Here’s how you’ll know we’re about to go to war with Iran — right now, we’re not – Washington Examiner

National security adviser John Bolton might be open to war with Iran. Secretary of State Mike Pompeo might also. But not so much President Trump, who has distanced himself from these top two advisers.

There is no good evidence that the Trump administration is preparing for war with Iran. Recent actions over the past two weeks to reduce the U.S. vulnerability to Iranian attacks are justified by intelligence reporting, Iran’s ideology and track record, and the standing threat. But were the United States about to go to war with Iran we would see the following:

First, we would have to stage an extremely large air and naval force buildup in the Arabian Sea and Persian Gulf, for strike operations inside Iran and defeat of Iran’s naval forces. We’d also have to do it in the Mediterranean Sea, to help defend Israel against Iranian ballistic missile attacks and to complicate Russian action via its Black Sea fleet.

At present, the U.S. has only one carrier strike group near Iran. The Trump administration has not altered the course of another strike group that could have been sent back toward the Persian Gulf. And the only other deployed U.S. carrier group is conducting Russia-minded naval exercises in the Arctic.

The Iranian navy and air force are far bigger than the Iraqi forces were in March 2003, and so war against Iran would almost certainly entail at least five concurrently deployed carrier strike groups. On the Air Force side of things we would also see multiple fighter and bomber squadrons deployed to Qatar, Saudi Arabia, and the United Kingdom. We are seeing instead a limited B-52 deployment, which would be largely useless in the opening stages of any campaign (first stage strike operations would focus on achieving air superiority, and involve B-2 bombers and electronic warfare aircraft).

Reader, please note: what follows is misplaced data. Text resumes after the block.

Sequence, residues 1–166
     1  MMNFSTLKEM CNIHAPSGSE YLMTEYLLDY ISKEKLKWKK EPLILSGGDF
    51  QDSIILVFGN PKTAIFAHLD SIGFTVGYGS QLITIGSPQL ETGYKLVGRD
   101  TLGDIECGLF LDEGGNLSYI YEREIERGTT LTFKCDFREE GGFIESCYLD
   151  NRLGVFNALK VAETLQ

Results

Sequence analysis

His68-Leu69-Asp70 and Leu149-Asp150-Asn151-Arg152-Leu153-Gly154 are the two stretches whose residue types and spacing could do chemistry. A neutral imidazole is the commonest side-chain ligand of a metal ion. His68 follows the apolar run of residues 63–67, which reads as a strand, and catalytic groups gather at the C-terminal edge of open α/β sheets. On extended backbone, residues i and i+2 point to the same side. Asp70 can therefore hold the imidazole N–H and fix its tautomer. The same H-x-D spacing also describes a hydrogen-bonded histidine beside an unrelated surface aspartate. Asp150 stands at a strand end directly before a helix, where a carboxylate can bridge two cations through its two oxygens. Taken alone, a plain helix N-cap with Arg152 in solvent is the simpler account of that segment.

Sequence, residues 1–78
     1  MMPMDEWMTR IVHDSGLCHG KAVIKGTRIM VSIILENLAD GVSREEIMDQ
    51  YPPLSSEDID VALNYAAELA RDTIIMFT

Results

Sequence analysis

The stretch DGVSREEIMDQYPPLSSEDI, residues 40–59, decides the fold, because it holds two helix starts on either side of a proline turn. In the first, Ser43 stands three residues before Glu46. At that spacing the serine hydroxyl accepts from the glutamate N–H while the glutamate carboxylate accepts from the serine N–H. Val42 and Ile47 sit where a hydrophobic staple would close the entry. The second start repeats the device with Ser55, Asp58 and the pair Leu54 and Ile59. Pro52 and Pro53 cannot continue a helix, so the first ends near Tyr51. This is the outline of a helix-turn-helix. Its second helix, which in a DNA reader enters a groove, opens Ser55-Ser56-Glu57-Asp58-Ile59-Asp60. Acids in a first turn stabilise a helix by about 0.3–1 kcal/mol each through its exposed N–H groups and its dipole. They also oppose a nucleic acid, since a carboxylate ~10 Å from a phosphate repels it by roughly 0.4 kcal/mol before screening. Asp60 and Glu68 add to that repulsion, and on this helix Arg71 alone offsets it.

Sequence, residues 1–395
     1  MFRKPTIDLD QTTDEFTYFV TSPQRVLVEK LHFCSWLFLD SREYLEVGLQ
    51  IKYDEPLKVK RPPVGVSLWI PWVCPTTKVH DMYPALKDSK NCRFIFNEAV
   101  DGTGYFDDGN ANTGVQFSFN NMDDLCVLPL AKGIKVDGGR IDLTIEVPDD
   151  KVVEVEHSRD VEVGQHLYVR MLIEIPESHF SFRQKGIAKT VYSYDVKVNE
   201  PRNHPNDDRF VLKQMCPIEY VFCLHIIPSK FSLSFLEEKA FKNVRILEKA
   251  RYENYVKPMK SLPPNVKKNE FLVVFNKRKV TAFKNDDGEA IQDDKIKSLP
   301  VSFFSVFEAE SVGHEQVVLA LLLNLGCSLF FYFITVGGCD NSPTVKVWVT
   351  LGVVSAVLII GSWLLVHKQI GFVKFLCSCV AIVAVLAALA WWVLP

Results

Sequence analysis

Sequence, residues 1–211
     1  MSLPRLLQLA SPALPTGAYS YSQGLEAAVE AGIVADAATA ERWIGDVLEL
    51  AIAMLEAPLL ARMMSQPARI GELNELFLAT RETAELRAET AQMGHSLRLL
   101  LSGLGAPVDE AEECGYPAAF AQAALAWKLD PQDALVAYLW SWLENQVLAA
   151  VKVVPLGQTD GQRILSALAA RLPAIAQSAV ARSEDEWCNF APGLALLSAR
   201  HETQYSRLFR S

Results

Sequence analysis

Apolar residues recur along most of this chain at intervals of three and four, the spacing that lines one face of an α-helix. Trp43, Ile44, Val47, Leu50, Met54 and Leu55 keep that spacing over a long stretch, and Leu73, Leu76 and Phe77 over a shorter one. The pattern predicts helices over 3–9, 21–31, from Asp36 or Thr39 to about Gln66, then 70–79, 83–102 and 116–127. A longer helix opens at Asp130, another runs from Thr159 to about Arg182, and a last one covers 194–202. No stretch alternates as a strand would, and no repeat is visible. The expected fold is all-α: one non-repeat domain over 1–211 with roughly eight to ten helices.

Second, we would see a massive ground force deployment in Saudi Arabia (none of Iran’s neighbors would likely allow U.S. invasion forces access). Iran is three times the size of Iraq, with a far more powerful regular and irregular military. Those factors alone would require U.S. ground deployment in the region of at least 500,000 ground assault forces. Note, here, that the 120,000 forces mentioned in reporting this week are very likely related to contingency planning. And they aren’t even deployed!

Third, if we were headed to war with Iran, we would also see the White House engaged in a domestic political sales pitch for war. Overthrowing Iran’s regime would be incredibly complicated and bloody. The Iranian revolutionaries would not yield to U.S. forces in the manner of Iraq’s military. Instead, they would fight and thousands of American military personnel would likely die before Iran had transitioned to post-regime stability.

Regardless of moral concerns, to fail to prepare the American people for such a sacrifice would invite catastrophic political damage onto the Trump administration. Even if you accept, which I certainly do not, that the Trump administration’s current activities on Iran are designed to provide cover for war, would you not think that the administration would be a little more alarmist? I mean, the current warnings of possible attacks in the Strait of Hormuz or on U.S. forces in Iraq are hardly sufficient casus belli.

Until you see the above developments, don’t worry that war with Iran is imminent.


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